As stated previously, chemists established a new unit, the mole, in order to relate a variety of measurements to one another and to chemically-significant quantities. The previous two sections of this chapter defined and discussed Avogadro's number, which quantifies the number of individual atoms, ions, or molecules that are present within a substance. Because these particle counts are chemically-significant quantities, Avogadro's number, which has an approximate value of 6.02 × 1023, was identified as a fundamental chemical measurement and, therefore, defined as a molar standard.
A second fundamental chemical quantity will be discussed in the following paragraphs, and its associated equality pattern will be presented and applied in Section 4.5.
In Chapter 2, compounds, which can also be referred to as molecules, were defined as pure substances that contain two or more elements that are combined in a specific ratio. The majority of the content within Chapter 3 was dedicated to explaining the derivation of these ratios. Recall that ionic compounds exist due to the electrostatic attraction between charged particles. However, a single positively-charged cation or negatively-charged anion cannot exist alone in nature, as its charged state is inherently destabilizing. Therefore, these particles must associate with one another in specific ratios, in order to form a stable, net-neutral species. Alternatively, covalent bonds are established when the unpaired electrons in neutral atoms interact with one another to form shared pairs of electrons. The number of unpaired electrons possessed by each constituent atom determines the relative placement of these particles within the final covalent molecule. More specifically, the element with more unpaired electrons becomes the central atom in the molecule, and the other element is used as a surrounding atom. Additionally, one surrounding atom is paired with each of the central atom's unpaired electrons, in order to satisfy the valences of all of the atoms that are involved in the pairing process. Therefore, the number of unpaired electrons found on the central atom ultimately dictates the relative ratio in which a given combination of elements will bond.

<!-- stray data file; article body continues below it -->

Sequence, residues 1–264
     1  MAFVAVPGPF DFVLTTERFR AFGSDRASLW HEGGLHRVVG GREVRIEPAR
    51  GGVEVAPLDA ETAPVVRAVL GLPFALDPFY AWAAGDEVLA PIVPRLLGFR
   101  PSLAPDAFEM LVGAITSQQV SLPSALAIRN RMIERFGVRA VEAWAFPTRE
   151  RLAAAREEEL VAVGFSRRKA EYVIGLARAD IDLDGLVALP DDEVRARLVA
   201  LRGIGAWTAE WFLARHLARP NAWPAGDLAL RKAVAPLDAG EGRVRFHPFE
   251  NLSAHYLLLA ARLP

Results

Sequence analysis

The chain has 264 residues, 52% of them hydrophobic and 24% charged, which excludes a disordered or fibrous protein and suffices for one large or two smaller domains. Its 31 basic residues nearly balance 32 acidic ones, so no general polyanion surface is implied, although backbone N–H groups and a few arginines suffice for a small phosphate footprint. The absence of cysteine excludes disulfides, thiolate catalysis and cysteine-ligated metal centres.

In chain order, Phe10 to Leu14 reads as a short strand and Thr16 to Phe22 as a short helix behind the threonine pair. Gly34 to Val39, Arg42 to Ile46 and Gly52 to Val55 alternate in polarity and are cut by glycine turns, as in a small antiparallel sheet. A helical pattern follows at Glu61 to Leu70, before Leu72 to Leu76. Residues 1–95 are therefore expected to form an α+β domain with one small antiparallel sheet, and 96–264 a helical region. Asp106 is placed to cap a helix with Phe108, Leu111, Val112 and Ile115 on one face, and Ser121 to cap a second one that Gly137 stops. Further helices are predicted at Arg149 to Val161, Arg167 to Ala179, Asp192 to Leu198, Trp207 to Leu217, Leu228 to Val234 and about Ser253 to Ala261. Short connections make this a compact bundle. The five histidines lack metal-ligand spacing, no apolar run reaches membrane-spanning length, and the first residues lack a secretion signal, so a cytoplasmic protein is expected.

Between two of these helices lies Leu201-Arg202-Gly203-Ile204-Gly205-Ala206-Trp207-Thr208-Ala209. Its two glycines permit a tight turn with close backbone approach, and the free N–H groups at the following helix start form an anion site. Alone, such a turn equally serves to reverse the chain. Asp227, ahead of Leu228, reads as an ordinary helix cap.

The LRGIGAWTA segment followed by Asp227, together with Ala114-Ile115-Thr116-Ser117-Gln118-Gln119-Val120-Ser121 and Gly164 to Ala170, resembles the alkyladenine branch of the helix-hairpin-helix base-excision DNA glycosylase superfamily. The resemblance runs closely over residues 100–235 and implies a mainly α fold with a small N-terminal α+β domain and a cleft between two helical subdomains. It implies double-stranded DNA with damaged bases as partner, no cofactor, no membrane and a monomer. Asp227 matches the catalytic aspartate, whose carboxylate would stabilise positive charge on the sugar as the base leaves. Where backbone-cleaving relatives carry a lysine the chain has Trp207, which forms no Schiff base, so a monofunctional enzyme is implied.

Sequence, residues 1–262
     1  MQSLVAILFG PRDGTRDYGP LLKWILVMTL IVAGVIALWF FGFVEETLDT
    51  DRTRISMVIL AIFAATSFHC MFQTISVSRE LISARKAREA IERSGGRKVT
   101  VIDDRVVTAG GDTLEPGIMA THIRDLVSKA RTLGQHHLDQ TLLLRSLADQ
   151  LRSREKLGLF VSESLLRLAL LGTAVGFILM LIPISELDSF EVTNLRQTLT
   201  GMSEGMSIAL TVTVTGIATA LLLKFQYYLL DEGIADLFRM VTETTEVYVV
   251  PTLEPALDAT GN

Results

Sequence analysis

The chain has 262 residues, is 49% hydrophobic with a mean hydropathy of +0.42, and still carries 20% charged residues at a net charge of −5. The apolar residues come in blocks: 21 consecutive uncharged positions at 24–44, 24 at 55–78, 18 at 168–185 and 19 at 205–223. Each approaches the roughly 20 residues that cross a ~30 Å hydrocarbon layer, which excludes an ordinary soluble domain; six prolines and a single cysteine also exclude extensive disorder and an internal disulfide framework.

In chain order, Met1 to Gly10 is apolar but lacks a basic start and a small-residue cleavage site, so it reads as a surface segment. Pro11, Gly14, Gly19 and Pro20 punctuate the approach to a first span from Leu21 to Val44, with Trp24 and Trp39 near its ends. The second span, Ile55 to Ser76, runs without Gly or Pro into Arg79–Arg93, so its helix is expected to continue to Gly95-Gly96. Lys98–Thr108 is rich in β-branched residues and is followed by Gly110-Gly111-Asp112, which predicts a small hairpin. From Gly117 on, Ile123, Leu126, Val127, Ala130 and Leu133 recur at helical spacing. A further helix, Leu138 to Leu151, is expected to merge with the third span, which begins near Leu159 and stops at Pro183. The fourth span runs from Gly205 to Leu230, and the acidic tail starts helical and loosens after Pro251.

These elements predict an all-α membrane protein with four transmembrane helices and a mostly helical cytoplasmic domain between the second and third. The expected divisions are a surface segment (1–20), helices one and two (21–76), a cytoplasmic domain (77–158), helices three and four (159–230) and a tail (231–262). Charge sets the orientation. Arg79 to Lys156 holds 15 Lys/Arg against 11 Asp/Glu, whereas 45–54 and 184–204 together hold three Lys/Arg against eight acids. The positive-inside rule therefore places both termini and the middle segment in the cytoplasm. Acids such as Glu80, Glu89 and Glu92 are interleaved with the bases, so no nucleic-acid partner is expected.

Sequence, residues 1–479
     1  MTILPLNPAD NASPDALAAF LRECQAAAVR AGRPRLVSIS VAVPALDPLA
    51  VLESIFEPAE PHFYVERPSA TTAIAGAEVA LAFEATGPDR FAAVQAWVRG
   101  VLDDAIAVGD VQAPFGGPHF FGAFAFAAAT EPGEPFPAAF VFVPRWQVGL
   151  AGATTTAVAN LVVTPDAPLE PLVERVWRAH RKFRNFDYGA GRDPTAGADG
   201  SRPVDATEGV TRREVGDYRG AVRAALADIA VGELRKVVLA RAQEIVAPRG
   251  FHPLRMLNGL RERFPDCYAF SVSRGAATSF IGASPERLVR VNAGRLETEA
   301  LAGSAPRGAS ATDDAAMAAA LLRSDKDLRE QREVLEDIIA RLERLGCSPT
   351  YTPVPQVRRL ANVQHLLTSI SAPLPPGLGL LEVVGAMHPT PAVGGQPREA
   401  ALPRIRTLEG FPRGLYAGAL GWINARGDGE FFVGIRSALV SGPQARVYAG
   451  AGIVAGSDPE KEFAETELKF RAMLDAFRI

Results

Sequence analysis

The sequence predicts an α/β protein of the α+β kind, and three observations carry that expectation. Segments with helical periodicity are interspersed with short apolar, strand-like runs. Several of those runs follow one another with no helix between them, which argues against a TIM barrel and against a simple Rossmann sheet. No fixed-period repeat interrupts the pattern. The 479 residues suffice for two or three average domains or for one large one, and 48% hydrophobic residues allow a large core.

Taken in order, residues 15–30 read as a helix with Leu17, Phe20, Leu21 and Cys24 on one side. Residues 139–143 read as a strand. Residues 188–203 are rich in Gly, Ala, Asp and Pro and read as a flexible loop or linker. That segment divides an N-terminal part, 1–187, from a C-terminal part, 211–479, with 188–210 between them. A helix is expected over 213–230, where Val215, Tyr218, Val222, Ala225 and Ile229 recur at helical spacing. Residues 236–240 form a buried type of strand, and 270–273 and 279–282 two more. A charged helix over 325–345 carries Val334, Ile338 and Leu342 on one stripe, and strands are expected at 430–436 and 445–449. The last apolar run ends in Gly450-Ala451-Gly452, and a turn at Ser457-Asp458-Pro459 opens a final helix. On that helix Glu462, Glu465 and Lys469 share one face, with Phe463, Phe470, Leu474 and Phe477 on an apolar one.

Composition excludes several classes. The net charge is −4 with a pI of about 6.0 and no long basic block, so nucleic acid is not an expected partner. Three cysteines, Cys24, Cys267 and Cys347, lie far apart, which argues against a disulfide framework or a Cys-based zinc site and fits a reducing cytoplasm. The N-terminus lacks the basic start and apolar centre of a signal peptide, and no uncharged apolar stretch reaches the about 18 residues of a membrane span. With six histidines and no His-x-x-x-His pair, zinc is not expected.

Due to the defined nature of the processes described above, establishing the number of ions or atoms that must be combined to form ionic compounds or covalent molecules, respectively, is fundamental to the study of chemistry. As a result, the relative ratios of the component particles found within molecules are chemically-significant quantities and, therefore, are defined as molar standards.
"Component Within" Indicator Information
The phrase "component within" is used to describe the molar quantities that indicate the relative ratios of the elements that are present within a compound or molecule. Unlike Avogadro's number, which is indicated for use in a problem-solving context by the presence of specific key words, the indicator for "component within" molar relationships is highly generic: In order to apply a "component within" equality, the given problem must refer to both a complete molecule and one of its constituent elements.
For example, consider a problem that would require a calculation of how many moles of Ag are present in 11.5 moles of Ag2CO3. Because both a complete molecule, Ag2CO3, silver carbonate, and a component element found within this molecule, Ag, silver, are referenced in the given problem, a "component within" equality should be developed and applied when solving the problem.